California lawmakers pass new foreclosure protections
The state will be the first to mandate that homeowners can't lose their homes while they are negotiating modifications.
California lawmakers have passed new foreclosure protections that will make California the first state to enact law based on the $25 billion settlement negotiated earlier this year among major lenders, the federal government and state attorneys general.
Among other things, loan servicers would be required to provide homeowners with a single point of contact with which they can discuss their cases. The measures would also ban servicers from foreclosing while a homeowner is trying to negotiate a mortgage modification. Both those provisions are in the settlement, but are scheduled to expire in three years. The bills, SB 900 and AB 278, would make those rules part of California law.
The California measures, which Gov. Jerry Brown is expected to sign in the next few weeks, also will outlaw robo-signing, require lenders to document they have the right to foreclose and give homeowners more access to the courts to challenge foreclosures.
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In California, most foreclosures do not go through the court system, which means that the time from when a lender files a lien on the home until the homeowner is evicted is much shorter than in judicial foreclosure states, such as Florida and New Jersey.
Banks and real-estate professionals opposed the California measures, arguing that they will lead to frivolous lawsuits, lengthen the foreclosure process and raise the cost of mortgages in California.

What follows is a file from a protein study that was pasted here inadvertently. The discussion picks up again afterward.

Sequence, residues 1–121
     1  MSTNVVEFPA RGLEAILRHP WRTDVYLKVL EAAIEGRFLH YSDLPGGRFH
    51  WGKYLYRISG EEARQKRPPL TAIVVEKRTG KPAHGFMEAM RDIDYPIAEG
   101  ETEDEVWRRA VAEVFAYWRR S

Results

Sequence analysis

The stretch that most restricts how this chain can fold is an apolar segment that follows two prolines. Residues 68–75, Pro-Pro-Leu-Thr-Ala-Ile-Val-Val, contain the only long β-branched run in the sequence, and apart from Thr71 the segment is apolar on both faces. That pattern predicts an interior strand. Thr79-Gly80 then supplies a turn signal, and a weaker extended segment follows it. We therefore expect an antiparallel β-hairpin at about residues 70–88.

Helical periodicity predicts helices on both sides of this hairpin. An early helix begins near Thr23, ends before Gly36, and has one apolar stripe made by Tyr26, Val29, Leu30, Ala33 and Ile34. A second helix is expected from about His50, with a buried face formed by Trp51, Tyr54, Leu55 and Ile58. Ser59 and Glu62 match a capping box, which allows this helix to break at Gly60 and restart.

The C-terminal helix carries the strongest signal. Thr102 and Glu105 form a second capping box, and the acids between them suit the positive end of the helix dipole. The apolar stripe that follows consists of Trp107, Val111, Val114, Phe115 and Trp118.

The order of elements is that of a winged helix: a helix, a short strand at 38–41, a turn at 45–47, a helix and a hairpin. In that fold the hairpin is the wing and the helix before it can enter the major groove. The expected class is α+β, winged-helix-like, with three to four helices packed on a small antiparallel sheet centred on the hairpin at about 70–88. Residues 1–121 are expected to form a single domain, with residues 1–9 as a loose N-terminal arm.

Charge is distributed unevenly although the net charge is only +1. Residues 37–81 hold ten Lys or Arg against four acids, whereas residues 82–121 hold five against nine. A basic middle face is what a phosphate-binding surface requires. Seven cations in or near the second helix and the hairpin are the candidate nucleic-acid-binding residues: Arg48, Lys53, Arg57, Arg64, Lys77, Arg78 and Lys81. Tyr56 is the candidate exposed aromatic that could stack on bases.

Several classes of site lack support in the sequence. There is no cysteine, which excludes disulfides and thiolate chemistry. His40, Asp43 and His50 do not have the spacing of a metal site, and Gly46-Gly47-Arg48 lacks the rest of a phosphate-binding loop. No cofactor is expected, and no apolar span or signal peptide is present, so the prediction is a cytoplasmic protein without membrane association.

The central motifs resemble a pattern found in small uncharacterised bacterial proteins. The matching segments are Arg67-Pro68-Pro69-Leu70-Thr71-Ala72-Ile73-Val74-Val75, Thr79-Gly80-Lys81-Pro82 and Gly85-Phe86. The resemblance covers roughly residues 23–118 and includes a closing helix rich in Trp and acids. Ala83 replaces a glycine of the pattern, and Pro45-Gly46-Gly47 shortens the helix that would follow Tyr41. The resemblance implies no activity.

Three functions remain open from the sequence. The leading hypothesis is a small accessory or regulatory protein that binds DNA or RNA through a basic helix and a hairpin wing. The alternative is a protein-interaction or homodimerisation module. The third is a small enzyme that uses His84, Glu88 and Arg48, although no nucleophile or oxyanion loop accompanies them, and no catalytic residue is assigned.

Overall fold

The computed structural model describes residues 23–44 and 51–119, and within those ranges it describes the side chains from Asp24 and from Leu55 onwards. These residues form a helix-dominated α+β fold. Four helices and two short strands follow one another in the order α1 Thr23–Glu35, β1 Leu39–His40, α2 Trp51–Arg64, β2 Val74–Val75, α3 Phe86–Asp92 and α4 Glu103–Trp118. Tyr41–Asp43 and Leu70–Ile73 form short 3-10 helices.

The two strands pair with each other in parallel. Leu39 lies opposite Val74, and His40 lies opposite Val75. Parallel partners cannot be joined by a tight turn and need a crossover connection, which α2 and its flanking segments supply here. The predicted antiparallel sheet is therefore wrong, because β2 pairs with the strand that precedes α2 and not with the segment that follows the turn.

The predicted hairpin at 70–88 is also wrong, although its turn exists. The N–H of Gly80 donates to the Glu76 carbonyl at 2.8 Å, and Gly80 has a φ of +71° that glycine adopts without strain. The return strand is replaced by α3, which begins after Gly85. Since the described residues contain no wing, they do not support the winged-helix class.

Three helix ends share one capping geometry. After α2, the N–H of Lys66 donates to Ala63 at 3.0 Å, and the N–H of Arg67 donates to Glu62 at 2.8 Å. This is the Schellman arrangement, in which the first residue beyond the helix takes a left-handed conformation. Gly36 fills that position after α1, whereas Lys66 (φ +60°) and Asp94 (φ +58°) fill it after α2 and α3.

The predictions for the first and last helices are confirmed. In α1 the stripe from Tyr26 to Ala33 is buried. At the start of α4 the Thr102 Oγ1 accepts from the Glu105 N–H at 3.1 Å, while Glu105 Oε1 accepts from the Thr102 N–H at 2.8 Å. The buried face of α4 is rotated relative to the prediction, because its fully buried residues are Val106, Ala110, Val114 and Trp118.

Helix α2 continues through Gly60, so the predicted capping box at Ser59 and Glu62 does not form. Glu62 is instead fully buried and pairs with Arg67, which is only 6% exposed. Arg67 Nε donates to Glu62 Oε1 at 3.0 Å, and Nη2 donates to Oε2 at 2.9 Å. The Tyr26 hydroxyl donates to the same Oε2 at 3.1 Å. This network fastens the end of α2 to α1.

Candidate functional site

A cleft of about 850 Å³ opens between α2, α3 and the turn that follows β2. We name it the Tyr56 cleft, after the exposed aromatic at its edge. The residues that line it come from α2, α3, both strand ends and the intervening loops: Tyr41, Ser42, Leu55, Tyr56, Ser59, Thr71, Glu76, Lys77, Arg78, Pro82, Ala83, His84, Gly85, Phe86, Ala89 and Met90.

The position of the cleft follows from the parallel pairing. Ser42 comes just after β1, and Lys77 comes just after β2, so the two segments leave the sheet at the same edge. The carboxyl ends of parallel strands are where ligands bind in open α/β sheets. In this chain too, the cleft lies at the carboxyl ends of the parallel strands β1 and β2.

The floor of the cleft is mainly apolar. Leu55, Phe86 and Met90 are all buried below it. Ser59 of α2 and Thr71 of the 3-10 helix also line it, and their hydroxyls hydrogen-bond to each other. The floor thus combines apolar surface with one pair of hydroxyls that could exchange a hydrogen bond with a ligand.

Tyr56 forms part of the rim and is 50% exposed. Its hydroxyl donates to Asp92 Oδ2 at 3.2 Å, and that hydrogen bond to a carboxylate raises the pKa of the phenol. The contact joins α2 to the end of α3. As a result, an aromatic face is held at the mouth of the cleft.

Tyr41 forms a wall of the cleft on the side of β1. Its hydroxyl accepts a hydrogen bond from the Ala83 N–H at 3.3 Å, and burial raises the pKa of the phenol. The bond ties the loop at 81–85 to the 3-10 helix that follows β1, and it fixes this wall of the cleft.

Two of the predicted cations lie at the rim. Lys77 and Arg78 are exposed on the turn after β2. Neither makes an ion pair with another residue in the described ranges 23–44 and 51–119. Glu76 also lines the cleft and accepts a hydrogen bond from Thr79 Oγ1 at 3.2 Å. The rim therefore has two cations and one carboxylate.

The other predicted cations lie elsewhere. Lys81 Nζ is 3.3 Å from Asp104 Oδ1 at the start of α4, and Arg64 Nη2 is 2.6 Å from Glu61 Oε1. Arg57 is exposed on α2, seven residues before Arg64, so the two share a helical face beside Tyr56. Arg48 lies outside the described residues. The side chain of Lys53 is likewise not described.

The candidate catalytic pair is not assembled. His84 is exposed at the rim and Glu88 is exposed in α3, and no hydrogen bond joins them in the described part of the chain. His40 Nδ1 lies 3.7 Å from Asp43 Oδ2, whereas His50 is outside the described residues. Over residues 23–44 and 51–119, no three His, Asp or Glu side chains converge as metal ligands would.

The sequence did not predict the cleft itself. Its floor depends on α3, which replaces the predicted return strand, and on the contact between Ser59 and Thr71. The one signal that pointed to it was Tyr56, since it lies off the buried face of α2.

One of the biggest problems homeowners have faced throughout the foreclosure crisis is the difficulty of negotiating with their lenders or servicers. Stories of lost documents and unkept promises are common, and homeowners who thought they were in negotiations to modify their mortgages have ended up losing their homes.
"The complaints from foreclosed consumers are legion. Most common is that consumers have no consistent point of contact as they negotiate the complexities of their loan modifications," Assemblyman Mike Eng, D-Monterey Park, the author of one of the bills, wrote in a column for The Pasadena Star-News. "The result is what one bank employee requests today is soon forgotten when another employee looks at the file weeks later, resulting in a never-ending quest for answers and documents."
The California measures would go into effect Jan. 1.
its simple, dont borrow more than you can pay. everybody complains about the banks, its the banks fault. you borrowed the money and signed the CONTRACT saying you would pay it.
banks are in business to make money.
About Teresa Mears
Teresa Mears is a veteran journalist who has been interested in houses since her father took her to tax auctions to carry the cash at age 10. A former editor of The Miami Herald's Home & Design section, she lives in South Florida where, in addition to writing about real estate, she publishes Miami on the Cheap to help her neighbors adjust to the loss of 60% of their property value.